Day Thirty-Four with Mark: Mark 8:27-38

Today we’ll finish out Mark 8 with verses 27-38:

Peter’s Declaration about Jesus
27 Jesus went on with his disciples to the villages of Caesarea Philippi; and on the way he asked his disciples, “Who do people say that I am?” 28 And they answered him, “John the Baptist; and others, Elijah; and still others, one of the prophets.” 29 He asked them, “But who do you say that I am?” Peter answered him, “You are the Messiah.”  30 And he sternly ordered them not to tell anyone about him.

Jesus Foretells His Death and Resurrection
31 Then he began to teach them that the Son of Man must undergo great suffering, and be rejected by the elders, the chief priests, and the scribes, and be killed, and after three days rise again. 32 He said all this quite openly. And Peter took him aside and began to rebuke him. 33 But turning and looking at his disciples, he rebuked Peter and said, “Get behind me, Satan! For you are setting your mind not on divine things but on human things.”

34 He called the crowd with his disciples, and said to them, “If any want to become my followers, let them deny themselves and take up their cross and follow me. 35 For those who want to save their life will lose it, and those who lose their life for my sake, and for the sake of the gospel, will save it. 36 For what will it profit them to gain the whole world and forfeit their life? 37 Indeed, what can they give in return for their life? 38 Those who are ashamed of me and of my words in this adulterous and sinful generation, of them the Son of Man will also be ashamed when he comes in the glory of his Father with the holy angels.”

Today Jesus gives His disciples and His followers perhaps His greatest teaching on what it means to be the Messiah.  As we talked about yesterday, people had in their minds what it would be to be the Messiah.  So, today starts off with Jesus asking the disciples two HUGE questions.

First, who to do people say that I am?  This is important, but not the most important question.  What are others saying about Him.

carrying-the-crossThe important one is this.  Who do you say that I am?  That’s the key question to really all of life.  I mean, everything comes down to the answer of that question.  Who do you say that I am?  Who am I to you?

And in our lives, that really is that key question.  Not what do your parents, your friends, your spouse, your children, your neighbors, your church, not what any of these think of Jesus, but what do you think of Jesus?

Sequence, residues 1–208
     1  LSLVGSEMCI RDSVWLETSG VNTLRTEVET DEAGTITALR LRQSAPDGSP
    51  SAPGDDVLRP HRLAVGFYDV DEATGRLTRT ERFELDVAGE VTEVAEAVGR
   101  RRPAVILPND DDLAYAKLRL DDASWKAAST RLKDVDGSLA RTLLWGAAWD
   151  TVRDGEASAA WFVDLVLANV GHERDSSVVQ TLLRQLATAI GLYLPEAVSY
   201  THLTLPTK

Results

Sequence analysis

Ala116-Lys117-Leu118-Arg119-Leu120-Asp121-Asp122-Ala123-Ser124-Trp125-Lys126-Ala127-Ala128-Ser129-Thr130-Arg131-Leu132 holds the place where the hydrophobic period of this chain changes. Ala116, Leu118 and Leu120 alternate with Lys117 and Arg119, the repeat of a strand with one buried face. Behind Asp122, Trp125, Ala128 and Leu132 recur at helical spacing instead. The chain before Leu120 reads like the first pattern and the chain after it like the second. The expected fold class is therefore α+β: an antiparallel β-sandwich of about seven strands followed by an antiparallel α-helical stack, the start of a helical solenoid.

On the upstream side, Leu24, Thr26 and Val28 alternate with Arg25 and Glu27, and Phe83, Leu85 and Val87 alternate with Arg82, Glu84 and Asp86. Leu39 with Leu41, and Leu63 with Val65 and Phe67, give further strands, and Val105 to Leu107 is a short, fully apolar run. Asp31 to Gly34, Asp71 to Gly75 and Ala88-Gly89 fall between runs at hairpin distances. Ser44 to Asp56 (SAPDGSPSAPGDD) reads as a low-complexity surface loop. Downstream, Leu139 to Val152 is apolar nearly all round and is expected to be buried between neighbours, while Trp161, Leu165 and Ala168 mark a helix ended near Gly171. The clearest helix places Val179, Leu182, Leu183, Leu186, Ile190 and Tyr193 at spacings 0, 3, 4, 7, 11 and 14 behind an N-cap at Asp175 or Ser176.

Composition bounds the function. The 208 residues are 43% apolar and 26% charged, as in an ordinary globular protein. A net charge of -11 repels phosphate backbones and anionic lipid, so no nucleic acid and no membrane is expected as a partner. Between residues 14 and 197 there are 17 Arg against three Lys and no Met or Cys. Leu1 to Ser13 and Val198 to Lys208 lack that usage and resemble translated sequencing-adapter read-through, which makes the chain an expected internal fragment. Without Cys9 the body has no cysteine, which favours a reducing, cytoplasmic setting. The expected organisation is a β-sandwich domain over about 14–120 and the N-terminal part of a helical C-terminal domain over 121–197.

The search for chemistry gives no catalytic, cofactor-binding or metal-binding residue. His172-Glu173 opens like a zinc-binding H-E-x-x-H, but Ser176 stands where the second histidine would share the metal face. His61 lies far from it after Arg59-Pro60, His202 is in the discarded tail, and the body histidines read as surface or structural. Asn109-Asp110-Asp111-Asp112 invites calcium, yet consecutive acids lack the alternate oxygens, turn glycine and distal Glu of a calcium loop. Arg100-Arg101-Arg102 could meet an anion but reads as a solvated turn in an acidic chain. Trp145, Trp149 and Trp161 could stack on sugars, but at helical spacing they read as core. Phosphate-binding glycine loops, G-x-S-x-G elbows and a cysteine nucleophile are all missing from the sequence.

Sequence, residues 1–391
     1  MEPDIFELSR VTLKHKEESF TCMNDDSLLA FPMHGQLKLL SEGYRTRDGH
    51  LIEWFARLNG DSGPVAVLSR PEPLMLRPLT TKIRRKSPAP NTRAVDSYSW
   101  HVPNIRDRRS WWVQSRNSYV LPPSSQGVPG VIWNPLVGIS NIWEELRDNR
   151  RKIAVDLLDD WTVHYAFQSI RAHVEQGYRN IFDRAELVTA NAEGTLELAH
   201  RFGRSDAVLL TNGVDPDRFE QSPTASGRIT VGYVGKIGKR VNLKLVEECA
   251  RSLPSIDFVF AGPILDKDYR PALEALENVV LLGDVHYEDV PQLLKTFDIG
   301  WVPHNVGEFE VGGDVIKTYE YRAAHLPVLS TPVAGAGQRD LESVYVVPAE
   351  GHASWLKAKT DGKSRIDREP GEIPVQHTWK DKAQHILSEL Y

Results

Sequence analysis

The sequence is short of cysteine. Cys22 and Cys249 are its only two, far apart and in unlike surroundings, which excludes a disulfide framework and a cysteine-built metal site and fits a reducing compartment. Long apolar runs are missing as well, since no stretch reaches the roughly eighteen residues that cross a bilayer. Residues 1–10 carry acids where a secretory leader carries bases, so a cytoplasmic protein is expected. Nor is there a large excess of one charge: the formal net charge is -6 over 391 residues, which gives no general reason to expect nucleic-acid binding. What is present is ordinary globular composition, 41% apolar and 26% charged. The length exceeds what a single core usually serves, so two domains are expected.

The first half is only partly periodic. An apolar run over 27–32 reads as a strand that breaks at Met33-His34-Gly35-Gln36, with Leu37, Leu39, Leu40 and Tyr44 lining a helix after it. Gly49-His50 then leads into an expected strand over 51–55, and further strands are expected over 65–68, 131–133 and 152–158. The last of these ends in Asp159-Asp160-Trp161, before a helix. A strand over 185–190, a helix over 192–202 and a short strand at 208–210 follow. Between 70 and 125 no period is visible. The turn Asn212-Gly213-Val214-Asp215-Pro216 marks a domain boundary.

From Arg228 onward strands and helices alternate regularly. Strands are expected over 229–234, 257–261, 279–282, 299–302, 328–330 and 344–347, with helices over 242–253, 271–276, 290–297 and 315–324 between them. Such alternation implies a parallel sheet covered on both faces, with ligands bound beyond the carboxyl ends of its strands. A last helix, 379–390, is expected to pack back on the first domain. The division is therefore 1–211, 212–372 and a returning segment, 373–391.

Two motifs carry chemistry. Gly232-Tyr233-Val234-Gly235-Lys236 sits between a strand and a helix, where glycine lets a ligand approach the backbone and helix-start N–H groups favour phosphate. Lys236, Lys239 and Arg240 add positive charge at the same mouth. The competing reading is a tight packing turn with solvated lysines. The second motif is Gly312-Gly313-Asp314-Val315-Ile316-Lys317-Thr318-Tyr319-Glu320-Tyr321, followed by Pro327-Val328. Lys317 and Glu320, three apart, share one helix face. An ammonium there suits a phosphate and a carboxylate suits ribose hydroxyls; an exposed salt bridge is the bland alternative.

Who is He to you?

Friends, that truly is the question that matters more than anything else in all of life, because how we answer that question determines everything else.

Well, Peter answers right.  He says you are the Messiah.  And then Jesus begins to teach about what it meant to be the Messiah.  And it wasn’t what Peter was expecting.  It wasn’t about being an earthly king.  It wasn’t about power or might.  But to be the Messiah was about Jesus laying down His life for the sake and for the sins of the world.  It was about the perfect Lamb of God, the sinless Son of God, redeeming us.

It wasn’t about power, it was sacrifice.  And after the sacrifice, the power of life and resurrection triumph.  But to get the triumph, to get to the empty grave, we had to go through the cross.

Well Peter hears this and says, no.  That’s not right. That’s not what it means.  That can’t be right.

And Jesus rebukes Him.  He says – Peter, you are focused on earthly thoughts, not heavenly ones.  For to follow Jesus is not the way of power, but of sacrifice.  Because true life is not found in receiving, true life is found in giving.  The world tells us to receive and receive and receive and receive.  Jesus tells us to give.  And in giving, we find life.

In laying down our life, we find our lives.

To be a Christian means to follow Jesus.  And that’s the path that Jesus walked.  And that’s the path He calls us to walk.

It is a path of life. Seriously.  It’s the path that gives us life.  Loving.  Serving.  Giving.  There is life.  It’s what our Lord taught us.  May we follow!

Friday we’ll look at Mark 9:1-8.

What questions do you have?  How does this strike you?  Shoot me an email, comment below, or connect with me through social media.

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